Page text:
Selecting a professional genealogy company is an important decision, but it doesn’t
have to be a hard decision if you understand these basic facts.
There are a lot of professional genealogists.
There are approximately 1500 members of the Association of Professional Genealogists
(APG), the organization representing the vast majority of professionals.
Knowing your selection criteria in advance can greatly
save you time by helping you quickly narrow potential companies.
There are very few companies with more than one genealogist.
Almost all professional genealogists work for themselves or with one other person. Despite the large number of genealogists, very few companies
exist with multiple genealogists available to serve customer needs.
Whether a genealogist works independently or as
part of a larger company doesn’t necessarily imply anything about his or
her skill level. Company size, however, may impact the level and type of customer
service you will receive – larger companies usually offer more professional
and comprehensive services whereas independent genealogists usually offer more
opportunity for you to be involved throughout the research process (if desired).
Most genealogists only work part-time.
The National Genealogical Society estimates that aside from librarians, archivists
and publishers, those making a full time living from customer research number no
more than a few dozen. This likely accounts for the fact that only about 20% of
all genealogists have a website.
Part-time researchers often charge lower rates and
can be a great option if you are on a very tight budget. However, their availability
may be limited, their services may be limited in scope (don’t have the skills
to research everything you need), and it can take longer to find/select one since
most don’t have websites.
Most professional genealogists are specialists.
About 70% of genealogists have a specialized focus – on a time period, geographic region, record type, ethnicity, etc. Some specialists are
willing to do other types of research as well, others are not.
If you have a particularly difficult and specific
research question, specialists in the area of question can be a great resource
since they may have the most directly related experience. If you are broadly seeking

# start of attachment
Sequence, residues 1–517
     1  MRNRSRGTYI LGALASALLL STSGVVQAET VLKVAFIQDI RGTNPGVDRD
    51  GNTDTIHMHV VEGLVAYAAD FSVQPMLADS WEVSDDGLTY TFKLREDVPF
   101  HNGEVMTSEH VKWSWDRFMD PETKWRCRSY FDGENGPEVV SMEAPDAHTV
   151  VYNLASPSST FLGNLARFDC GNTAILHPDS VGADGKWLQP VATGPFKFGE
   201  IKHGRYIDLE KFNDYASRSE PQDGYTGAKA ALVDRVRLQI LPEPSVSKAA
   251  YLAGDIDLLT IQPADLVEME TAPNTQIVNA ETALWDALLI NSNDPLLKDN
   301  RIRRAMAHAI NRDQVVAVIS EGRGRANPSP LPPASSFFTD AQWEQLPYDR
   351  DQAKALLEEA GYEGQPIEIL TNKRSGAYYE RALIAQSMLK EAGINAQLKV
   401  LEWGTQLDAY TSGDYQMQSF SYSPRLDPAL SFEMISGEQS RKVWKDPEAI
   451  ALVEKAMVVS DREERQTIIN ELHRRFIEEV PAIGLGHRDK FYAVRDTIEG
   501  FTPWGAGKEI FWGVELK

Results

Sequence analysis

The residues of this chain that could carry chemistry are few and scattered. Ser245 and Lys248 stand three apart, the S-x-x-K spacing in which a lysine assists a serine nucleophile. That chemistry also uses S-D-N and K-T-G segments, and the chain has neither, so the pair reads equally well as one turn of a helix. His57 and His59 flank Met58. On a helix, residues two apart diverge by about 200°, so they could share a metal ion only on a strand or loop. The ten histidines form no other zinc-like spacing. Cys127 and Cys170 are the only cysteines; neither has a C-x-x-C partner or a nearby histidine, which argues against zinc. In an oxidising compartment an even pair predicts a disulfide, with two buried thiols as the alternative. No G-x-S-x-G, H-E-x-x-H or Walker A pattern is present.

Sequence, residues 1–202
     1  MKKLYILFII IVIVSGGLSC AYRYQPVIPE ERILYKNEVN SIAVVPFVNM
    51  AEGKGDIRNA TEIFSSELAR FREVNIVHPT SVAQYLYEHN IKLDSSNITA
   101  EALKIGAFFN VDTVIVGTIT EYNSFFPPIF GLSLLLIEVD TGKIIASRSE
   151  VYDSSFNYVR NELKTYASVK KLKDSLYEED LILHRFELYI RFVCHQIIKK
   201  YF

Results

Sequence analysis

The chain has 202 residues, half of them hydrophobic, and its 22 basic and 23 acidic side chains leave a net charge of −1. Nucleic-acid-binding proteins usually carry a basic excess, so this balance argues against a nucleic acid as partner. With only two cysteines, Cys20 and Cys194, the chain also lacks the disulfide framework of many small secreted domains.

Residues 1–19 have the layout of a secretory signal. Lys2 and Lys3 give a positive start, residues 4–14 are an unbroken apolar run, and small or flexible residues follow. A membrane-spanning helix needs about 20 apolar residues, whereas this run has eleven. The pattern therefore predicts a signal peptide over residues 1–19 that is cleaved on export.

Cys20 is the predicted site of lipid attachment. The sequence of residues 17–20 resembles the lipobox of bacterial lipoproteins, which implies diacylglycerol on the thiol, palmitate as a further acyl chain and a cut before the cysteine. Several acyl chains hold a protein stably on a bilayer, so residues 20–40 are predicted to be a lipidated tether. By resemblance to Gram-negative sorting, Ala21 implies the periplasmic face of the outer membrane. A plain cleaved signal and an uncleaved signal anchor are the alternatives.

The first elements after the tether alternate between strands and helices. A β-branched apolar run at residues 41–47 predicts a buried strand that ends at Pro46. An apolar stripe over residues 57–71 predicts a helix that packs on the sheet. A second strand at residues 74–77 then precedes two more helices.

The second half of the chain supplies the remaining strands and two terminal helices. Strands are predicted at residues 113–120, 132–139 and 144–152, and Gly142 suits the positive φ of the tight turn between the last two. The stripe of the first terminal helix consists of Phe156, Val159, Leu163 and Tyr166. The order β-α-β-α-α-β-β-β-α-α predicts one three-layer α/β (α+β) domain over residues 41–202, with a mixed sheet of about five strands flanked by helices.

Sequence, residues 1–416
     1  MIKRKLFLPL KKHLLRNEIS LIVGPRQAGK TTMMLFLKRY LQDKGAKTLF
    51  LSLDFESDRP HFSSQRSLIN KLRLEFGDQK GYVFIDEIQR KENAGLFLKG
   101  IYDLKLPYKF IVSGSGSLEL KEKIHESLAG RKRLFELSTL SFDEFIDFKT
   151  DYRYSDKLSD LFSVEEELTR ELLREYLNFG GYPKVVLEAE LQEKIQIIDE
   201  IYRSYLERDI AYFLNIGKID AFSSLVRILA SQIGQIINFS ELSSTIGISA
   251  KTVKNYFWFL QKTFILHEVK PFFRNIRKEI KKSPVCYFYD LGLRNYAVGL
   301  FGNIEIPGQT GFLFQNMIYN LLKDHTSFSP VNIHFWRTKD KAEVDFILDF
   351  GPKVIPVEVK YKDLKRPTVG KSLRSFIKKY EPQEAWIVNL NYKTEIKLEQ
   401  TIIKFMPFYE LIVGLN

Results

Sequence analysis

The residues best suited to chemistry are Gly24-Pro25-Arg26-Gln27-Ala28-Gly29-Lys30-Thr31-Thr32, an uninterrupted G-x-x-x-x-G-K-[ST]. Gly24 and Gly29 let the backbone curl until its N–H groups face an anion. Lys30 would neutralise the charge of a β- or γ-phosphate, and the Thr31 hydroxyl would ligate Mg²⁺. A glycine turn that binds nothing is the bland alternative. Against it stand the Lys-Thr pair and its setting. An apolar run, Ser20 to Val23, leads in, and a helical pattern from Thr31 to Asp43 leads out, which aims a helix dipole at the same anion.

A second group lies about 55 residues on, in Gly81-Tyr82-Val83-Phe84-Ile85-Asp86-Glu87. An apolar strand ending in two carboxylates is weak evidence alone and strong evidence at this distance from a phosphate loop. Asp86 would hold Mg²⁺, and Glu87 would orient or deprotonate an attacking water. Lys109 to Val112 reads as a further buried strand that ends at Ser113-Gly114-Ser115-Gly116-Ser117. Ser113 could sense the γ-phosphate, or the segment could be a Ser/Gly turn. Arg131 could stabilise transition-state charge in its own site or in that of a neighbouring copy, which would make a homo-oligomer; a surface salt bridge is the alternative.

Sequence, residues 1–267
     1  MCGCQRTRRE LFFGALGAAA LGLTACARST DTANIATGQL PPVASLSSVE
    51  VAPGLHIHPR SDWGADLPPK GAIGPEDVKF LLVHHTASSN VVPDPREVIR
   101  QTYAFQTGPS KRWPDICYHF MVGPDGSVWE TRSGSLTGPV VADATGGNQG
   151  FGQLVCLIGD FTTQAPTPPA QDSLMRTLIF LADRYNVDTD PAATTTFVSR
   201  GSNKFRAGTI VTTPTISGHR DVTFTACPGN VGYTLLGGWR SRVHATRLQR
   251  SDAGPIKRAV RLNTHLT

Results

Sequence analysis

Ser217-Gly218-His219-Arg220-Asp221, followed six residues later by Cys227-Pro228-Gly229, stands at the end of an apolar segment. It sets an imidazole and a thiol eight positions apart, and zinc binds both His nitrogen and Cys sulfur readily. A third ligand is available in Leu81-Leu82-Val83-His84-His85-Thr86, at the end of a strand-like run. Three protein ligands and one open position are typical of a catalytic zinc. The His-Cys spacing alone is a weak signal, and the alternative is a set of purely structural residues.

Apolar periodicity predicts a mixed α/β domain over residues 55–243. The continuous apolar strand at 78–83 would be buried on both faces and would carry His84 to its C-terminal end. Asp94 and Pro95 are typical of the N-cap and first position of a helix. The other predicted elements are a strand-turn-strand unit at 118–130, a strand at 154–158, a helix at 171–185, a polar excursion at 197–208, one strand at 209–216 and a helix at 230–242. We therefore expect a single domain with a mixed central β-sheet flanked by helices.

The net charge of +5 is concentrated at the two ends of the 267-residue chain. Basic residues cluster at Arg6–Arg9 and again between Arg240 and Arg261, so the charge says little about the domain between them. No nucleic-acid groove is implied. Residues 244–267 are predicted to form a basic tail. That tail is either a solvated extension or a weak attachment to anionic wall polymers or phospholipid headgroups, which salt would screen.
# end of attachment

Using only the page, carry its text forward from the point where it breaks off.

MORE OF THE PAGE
to learn about your family tree, however, “generalists” are often a better resource
because they have experience in more areas required for broad research.
Professional genealogists hold a variety of credentials, but none are required
to become a professional.
There are two organizations which offer genealogy-specific credentials –
the Board for Certification of Genealogists (BCG) and the International Commission
for the Accreditation of Professional Genealogists (ICAPGen). Genealogists applying
for credentials through either organization submit work to be evaluated by a panel.
Those who go through BCG become “certified”, while those who go through
ICAPGen become “accredited”. The difference is the sponsoring organization
and the testing process. Unlike in many professions, there is no required credential
to become a genealogist!
Most certified/accredited genealogists are highly
qualified, but many highly qualified genealogists are not certified/accredited.
Certification/accreditation is just one criteria of many to consider, not a pre-requisite.
It is a personal decision how much emphasis you want to place on it.
Fees range widely.
Almost all genealogists charge for their services by the hour because it is
not possible to know in advance how long it will take to answer a research question.
Typical rates range widely, from $20 per hour to over $100 per hour. In all cases,
this fee covers the researcher’s time and is NOT a guarantee of results.
(No genealogist can guarantee results due to the uncertain nature of historical
records.) In addition, you will be responsible for any expenses that are incurred
to locate and retrieve records (e.g., state government fees for procuring a death
Comparing fees is one of the most difficult aspects
of selecting a company. Sometimes genealogists have lower fees because they are
less experienced or only work part-time, but sometimes they are highly qualified
and are simply offering a competitive rate! Conversely, a high fee doesn’t
necessarily mean someone is the most highly skilled. You must balance the fee
with your other criteria.
Ready to get started with professional genealogy?